@user1981497 Actually `bool input[w][y];` was supposed to be `bool input[w][h];` (fixed it). `w` is width and `h` is height. –  Dukeling Jan 22 '13 at 20:25
Thank you very much... I'm testing your code right now...! –  user1981497 Jan 22 '13 at 20:34
Why can't I use a secondary 2d array with the labels instead of the union find structure? –  user1981497 Jan 23 '13 at 8:10

You could also try this transitive closure approach, however the triple loop for the transitive closure slows things up when there are many separated objects in the image, suggested code changes welcome

Cheers

Dave

``````void CC(unsigned char* pBinImage, unsigned char* pOutImage, int width, int height, int     CON8)
{
int i, j, x, y, k, maxIndX, maxIndY,  sum, ct, newLabel=1, count, maxVal=0, sumVal=0, maxEQ=10000;
int *eq=NULL, list[4];

memcpy(pOutImage, pBinImage, width*height*sizeof(unsigned char));

unsigned char* equivalences=(unsigned char*) calloc(sizeof(unsigned char), maxEQ*maxEQ);

// modify labels this should be done with iterators to modify elements
// current column
for(j=0; j<height; j++)
{
// current row
for(i=0; i<width; i++)
{
if(pOutImage[i+j*width]>0)
{
count=0;

// go through blocks
list[0]=0;
list[1]=0;
list[2]=0;
list[3]=0;

if(j>0)
{
if((i>0))
{
if((pOutImage[(i-1)+(j-1)*width]>0) && (CON8 > 0))
list[count++]=pOutImage[(i-1)+(j-1)*width];
}

if(pOutImage[i+(j-1)*width]>0)
{
{
if(pOutImage[i+(j-1)*width]==list[x])
}

list[count++]=pOutImage[i+(j-1)*width];
}

if(i<width-1)
{
if((pOutImage[(i+1)+(j-1)*width]>0) && (CON8 > 0))
{
{
if(pOutImage[(i+1)+(j-1)*width]==list[x])
}

list[count++]=pOutImage[(i+1)+(j-1)*width];
}
}
}

if(i>0)
{
if(pOutImage[(i-1)+j*width]>0)
{
{
if(pOutImage[(i-1)+j*width]==list[x])
}

list[count++]=pOutImage[(i-1)+j*width];
}
}

// has a neighbour label
if(count==0)
pOutImage[i+j*width]=newLabel++;
else
{
pOutImage[i+j*width]=list[0];

if(count>1)
{
// store equivalences in table
for(x=0; x<count; x++)
for(y=0; y<count; y++)
equivalences[list[x]+list[y]*maxEQ]=1;
}

}
}
}
}

// floyd-Warshall algorithm - transitive closure - slow though :-(
for(i=0; i<newLabel; i++)
for(j=0; j<newLabel; j++)
{
if(equivalences[i+j*maxEQ]>0)
{
for(k=0; k<newLabel; k++)
{
equivalences[k+j*maxEQ]= equivalences[k+j*maxEQ] || equivalences[k+i*maxEQ];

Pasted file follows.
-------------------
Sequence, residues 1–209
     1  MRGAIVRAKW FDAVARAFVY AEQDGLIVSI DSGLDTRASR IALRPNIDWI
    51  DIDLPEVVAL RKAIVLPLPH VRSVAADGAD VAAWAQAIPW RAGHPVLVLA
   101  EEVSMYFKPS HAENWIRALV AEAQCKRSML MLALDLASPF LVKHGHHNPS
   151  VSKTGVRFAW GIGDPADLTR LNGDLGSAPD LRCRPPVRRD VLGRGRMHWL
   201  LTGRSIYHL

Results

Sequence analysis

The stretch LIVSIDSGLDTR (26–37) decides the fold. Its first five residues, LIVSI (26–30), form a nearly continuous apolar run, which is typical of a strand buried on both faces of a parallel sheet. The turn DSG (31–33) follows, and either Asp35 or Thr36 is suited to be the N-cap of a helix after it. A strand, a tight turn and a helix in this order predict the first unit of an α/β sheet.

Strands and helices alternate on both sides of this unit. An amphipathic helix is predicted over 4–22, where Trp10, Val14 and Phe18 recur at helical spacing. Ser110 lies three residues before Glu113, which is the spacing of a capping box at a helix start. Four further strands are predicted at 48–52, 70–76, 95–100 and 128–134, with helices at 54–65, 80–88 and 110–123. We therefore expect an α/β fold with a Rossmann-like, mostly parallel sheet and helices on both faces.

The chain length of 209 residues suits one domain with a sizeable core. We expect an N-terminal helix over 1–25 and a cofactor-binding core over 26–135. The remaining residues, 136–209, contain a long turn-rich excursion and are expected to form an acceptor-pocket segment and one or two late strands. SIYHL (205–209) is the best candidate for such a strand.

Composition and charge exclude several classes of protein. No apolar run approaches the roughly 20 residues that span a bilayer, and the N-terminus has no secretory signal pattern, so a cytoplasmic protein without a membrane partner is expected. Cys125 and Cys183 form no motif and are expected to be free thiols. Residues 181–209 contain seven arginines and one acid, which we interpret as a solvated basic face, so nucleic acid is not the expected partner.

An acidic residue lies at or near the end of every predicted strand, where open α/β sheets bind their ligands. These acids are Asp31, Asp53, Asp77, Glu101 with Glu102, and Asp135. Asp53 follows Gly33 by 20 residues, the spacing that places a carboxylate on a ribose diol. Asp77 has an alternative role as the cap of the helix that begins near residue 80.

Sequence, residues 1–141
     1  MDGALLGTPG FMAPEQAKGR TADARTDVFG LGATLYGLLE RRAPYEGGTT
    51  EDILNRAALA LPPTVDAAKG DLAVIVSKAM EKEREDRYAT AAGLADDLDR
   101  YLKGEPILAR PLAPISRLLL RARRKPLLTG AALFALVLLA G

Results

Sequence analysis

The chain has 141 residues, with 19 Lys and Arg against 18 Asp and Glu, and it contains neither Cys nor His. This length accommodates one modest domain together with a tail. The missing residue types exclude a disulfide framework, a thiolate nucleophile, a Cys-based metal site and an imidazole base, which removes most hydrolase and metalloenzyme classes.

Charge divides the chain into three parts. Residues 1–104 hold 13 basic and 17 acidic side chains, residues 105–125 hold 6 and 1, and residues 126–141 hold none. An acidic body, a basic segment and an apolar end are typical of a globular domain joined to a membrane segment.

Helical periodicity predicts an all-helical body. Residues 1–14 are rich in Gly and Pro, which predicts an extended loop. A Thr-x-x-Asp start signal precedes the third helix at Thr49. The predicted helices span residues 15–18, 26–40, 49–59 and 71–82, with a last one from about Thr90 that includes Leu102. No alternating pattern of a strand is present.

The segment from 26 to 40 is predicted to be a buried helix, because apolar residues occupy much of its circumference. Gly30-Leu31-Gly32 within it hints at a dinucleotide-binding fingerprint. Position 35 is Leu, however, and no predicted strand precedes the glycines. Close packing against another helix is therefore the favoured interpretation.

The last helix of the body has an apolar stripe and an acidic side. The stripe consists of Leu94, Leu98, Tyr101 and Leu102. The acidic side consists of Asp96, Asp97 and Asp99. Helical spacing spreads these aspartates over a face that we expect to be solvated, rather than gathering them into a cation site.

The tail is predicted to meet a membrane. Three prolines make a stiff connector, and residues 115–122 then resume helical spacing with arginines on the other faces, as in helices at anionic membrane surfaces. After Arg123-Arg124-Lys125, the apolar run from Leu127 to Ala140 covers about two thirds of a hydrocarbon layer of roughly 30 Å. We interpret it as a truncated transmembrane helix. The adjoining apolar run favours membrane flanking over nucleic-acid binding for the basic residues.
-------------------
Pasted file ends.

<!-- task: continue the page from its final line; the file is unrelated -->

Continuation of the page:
}
}
}

eq=(int*) calloc(sizeof(int), newLabel);

for(i=0; i<newLabel; i++)
for(j=0; j<newLabel; j++)
{
if(equivalences[i+j*maxEQ]>0)
{
eq[i]=j;
break;
}
}

free(equivalences);

// label image with equivalents
for(i=0; i<width*height; i++)
{
if(pOutImage[i]>0&&eq[pOutImage[i]]>0)
pOutImage[i]=eq[pOutImage[i]];
}

free(eq);
}
``````
-

java application - open source - extract objects from image - connected componen labeling => https://drive.google.com/file/d/0B8gQ5d6E54ZDTVdsWE1ic2lpaHM/edit?usp=sharing

``````    import java.util.ArrayList;

public class cclabeling

{

int neighbourindex;ArrayList<Integer> Temp;

ArrayList<ArrayList<Integer>> cc=new ArrayList<>();

public int[][][] cclabel(boolean[] Main,int w){

/* this method return array of arrays "xycc" each array contains

the x,y coordinates of pixels of one connected component

– Main => binary array of image

– w => width of image */

long start=System.nanoTime();

int len=Main.length;int id=0;

int[] dir={-w-1,-w,-w+1,-1,+1,+w-1,+w,+w+1};

for(int i=0;i<len;i+=1){

if(Main[i]){

Temp=new ArrayList<>();

for(int x=0;x<Temp.size();x+=1){

id=Temp.get(x);

for(int u=0;u<8;u+=1){

neighbourindex=id+dir[u];

if(Main[neighbourindex]){

Main[neighbourindex]=false;

}

}

Main[id]=false;

}

}

}

int[][][] xycc=new int[cc.size()][][];

int x;int y;

for(int i=0;i<cc.size();i+=1){

xycc[i]=new int[cc.get(i).size()][2];

for(int v=0;v<cc.get(i).size();v+=1){

y=Math.round(cc.get(i).get(v)/w);

x=cc.get(i).get(v)-y*w;

xycc[i][v][0]=x;

xycc[i][v][1]=y;

}

}

long end=System.nanoTime();

long time=end-start;

System.out.println("Connected Component Labeling Time =>"+time/1000000+" milliseconds");

System.out.println("Number Of Shapes => "+xycc.length);

return xycc;

}

}
``````